Saltwater vs. Freshwater Boats: What’s The Difference?

What’s The Difference Between Freshwater and Saltwater Boats?

While many boaters find they tend to stay close to their main body of water (lake, river, etc.), there are times where freshwater boaters may have the opportunity to take their boat to the coast and use it in salty water. This brings up the big question of, can you use a freshwater boat in saltwater. It has been many years since I was a freshwater boater pulling skiers and tubers. Over the past decade, my passion has been saltwater boating. For this reason, I had to do a little research to answer the question for today’s boats.

Can You Use A Freshwater Boat In Saltwater?

So, can you use a freshwater boat in saltwater? Yes! Most boats are capable of being used in both fresh and saltwater, but some boats may require modification before use in saltwater. Any boat used in Saltwater will require a thorough rinse and flush with fresh water to preserve and protect the boat. It is important to know that saltwater can wear out boat components quicker than freshwater use.

In this article, we will discuss the differences between freshwater and saltwater boats. We will also discuss common issues and what to be aware of if you do take your freshwater boat in the salty water. Not all boats and boat components are well suited for saltwater use.

Quick Disclaimer: While I did a lot of research for this article, I cannot know all of the details for every boat ever built. For this reason, I suggest checking your owners manual or with the manufacturer of your specific brand of the boat to be safe.

If you have been boating on lakes for many years, you probably have your maintenance routine well rehearsed. If you are just thinking about or have recently started taking your freshwater boat in salt water, you need to add several items to your boat maintenance list.

Let me be clear! Any boat regardless of how its propelled (inboard/outboard (I/O), jet boat, outboard, etc.) cannot withstand the long-term corrosive effects of saltwater. Every boat engine needs preventative maintenance to address exposure to saltwater and its corrosive nature.

Here are a few things to consider if you are thinking about taking your freshwater boat into saltwater…

What Does Saltwater Do To Your Freshwater Inboard/Outboard?

A lot has changed over the years with inboard/outboard (I/O) driven boats. One thing that has not changed about I/O powered boats is that I/O engines are raw water cooled. This means that as you run your boat and the engine gets hot it sucks water from the outside of your boat and runs in through the engine and back out of the boat as a way to cool off your boat’s engine.

You can probably start to see why this can be a problem in saltwater. In freshwater lakes and rivers, your I/O sucks in raw freshwater, it cools off the engine and gets spit back out. This is fine with fresh water, but salt water getting run through an engine can be damaging to an engine if it is not thoroughly flushed with fresh water after every use.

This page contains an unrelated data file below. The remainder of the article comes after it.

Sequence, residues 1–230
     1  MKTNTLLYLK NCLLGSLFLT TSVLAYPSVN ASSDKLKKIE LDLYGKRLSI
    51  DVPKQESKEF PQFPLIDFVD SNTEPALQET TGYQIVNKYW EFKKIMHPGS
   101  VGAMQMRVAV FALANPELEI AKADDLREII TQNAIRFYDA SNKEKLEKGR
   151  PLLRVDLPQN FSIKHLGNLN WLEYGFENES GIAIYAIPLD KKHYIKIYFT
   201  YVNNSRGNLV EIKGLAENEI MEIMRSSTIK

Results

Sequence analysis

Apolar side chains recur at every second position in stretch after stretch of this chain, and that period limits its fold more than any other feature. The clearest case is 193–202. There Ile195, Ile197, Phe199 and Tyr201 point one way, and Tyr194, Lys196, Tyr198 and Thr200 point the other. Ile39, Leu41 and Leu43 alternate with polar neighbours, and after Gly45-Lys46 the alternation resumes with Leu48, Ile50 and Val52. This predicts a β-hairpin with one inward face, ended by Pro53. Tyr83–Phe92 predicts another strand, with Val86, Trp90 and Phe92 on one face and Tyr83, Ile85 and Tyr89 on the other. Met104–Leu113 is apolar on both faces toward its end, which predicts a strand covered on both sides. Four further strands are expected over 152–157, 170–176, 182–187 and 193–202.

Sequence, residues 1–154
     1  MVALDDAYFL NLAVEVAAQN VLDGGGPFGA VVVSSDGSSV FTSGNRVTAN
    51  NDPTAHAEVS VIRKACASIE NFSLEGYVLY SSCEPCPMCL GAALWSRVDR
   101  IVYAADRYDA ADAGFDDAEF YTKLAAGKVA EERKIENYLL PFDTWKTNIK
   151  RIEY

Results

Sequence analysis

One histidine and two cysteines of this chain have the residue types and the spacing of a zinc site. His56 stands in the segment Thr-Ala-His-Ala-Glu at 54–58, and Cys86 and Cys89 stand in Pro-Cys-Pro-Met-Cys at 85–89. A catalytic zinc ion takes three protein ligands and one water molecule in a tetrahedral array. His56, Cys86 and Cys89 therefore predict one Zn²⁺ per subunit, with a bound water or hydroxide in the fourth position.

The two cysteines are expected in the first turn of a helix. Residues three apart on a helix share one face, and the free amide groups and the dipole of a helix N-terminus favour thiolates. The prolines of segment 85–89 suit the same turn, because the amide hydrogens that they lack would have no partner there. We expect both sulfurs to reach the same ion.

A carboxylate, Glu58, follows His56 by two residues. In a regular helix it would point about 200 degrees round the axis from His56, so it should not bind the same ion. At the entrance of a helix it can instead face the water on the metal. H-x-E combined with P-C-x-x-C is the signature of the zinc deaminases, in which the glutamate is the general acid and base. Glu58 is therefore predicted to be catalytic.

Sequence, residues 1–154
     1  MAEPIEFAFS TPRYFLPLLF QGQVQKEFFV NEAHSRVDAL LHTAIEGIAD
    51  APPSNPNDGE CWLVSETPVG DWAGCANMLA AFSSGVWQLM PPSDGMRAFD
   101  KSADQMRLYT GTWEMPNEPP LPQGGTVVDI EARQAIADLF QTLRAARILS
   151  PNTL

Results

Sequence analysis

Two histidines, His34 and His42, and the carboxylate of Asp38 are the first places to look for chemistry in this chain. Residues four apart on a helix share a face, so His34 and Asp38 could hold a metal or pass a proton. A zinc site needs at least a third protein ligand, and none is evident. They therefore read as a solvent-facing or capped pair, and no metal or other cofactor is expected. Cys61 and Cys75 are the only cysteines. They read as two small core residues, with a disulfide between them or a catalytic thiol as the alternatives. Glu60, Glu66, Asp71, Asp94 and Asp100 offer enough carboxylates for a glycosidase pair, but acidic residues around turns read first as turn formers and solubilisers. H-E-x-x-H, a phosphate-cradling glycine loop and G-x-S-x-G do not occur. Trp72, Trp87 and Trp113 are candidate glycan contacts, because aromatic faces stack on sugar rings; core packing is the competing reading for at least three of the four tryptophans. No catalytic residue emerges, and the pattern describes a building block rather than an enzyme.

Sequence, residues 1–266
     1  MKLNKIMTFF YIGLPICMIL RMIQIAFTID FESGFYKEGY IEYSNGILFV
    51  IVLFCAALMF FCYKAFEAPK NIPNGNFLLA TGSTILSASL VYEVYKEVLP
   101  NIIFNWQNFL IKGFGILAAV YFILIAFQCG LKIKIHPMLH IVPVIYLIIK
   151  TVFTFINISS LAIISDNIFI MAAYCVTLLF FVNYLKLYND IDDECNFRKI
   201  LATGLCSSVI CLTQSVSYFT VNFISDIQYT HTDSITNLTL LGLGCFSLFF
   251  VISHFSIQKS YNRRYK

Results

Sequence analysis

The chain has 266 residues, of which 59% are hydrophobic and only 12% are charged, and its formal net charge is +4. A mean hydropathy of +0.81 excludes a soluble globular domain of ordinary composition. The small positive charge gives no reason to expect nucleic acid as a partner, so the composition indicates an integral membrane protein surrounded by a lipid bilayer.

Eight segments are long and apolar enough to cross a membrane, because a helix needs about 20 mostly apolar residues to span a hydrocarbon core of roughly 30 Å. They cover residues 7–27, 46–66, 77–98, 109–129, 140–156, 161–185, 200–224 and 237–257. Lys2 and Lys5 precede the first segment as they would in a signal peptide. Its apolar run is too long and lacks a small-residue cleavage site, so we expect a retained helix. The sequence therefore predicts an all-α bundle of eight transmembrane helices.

A true saltwater marine engine that is I/O will have a closed system with a heat exchanger to cool off the engine.

What Is A Closed Cooling System With Heat Exchanger?

A closed cooling system is a closed loop cooling system that allows an inboard/outboard (I/O) engine to operate in saltwater while still using treated freshwater to cool the engine. The closed freshwater circuit can be thermostatically controlled so that the engine operates at its designed temperature.

How Does A Closed Cooling System Work?

Typically, there is a small tank on the top of the engine that uses a mixture of both freshwater and coolant. This freshwater mix is circulated through the engine and through a heat exchanger. Heat from the engine is absorbed by the water in the system. Since the freshwater is now hot from the engine, raw water is pulled in through the seacock, but it only flows through the heat exchanger jacket. When the cooler raw water goes into the exchanger, heat is transferred from the freshwater to the raw saltwater through the heat exchanger jacket. The two types of water never touch, but it allows the hot water to get pumped out of the boat and keeps the I/O engine running at its proper operating temperature.

If I Use An Inboard/Outboard or Sterndrive Boat In Saltwater What Should I Do To Make It Last?

Flush, Flush, Flush the engine with fresh water after every use. No exceptions! I know this sounds extreme but even I/O boats designed for saltwater have rust and corrosion issues. The best thing you can do to extend the life of your I/O boat is to flush it with fresh water for five to ten minutes or more at the end of the day.

Note: It is important to flush all boat engines with freshwater at the end of the day, not just I/O’s but outboards should be flushed too.

I still remember going out offshore fishing with my wife’s Grandfather. He had a 24′ Albemarle that he would take offshore and nearshore fishing just about every morning. It was a great rough water boat with its deep-v design, but having an I/O for power made for a lot of extra maintenance. Thankfully, he was a bit of a McGyvor type (I think that is the nice way to put it) and he rigged up a freshwater flushing system with pipes and a five-gallon bucket.

When we got back to the dock after a day of fishing, he would flip a valve, fill up a five-gallon bucket of water from a water hose and use that to flush the engine with fresh water. I do not know many boat owners who would have the knowledge of how to build such a system, nor would many people today be willing to do that since today, outboard engines are built to handle the harsh saltwater environment.